When Konold heard that President Donald Trump was going to be speaking in DC, the siblings decided to add a stop to their road trip plan. She had never been to a protest before and did not really know what to expect — in fact, she did not even expect it to be a protest, just a rally. What she did know is that patriotic Americans who loved their president were not often treated kindly, and that she had a little boy that needed her. She packed a medical kit and bought some extra protective layers to make sure she would get home safe, should leftists attack the event.
She also hoped that by bringing supplies, her training for veterinary medicine may come in handy if things went terribly awry.
January 6 in DC was unlike anything she would experience in her wholesome and quiet life in Arizona, which mostly consists of spending time in her small mobile home, gardening, taking care of her animals, and homeschooling.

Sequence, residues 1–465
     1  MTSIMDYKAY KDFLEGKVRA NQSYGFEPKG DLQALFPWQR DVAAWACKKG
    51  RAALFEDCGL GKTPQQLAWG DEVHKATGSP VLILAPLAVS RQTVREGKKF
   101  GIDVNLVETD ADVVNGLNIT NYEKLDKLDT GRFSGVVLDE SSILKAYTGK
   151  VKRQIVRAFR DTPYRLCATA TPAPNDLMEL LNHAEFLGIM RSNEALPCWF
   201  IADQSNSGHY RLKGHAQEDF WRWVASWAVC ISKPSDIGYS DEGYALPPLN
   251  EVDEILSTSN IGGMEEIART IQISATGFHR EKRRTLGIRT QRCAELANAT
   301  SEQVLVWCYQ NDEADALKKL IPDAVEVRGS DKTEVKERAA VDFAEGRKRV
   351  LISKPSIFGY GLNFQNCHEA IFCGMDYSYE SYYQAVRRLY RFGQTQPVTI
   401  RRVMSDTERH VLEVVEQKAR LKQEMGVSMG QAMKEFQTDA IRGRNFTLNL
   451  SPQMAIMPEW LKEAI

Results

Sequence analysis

Konold still did not realize it was a protest when she followed the crowd of fellow Trump supporters to the Capitol. The door to the building was open and police seemed to be allowing people inside, so she went. She was kind and friendly to police and left quickly when she was told that people were not supposed to be there.
A month after the protest, she was yanked from her bed at gunpoint by the FBI. Her entire street was blocked off and crowded with unmarked vehicles. Her small mobile home was raided and a two page long list of her belongings was seized.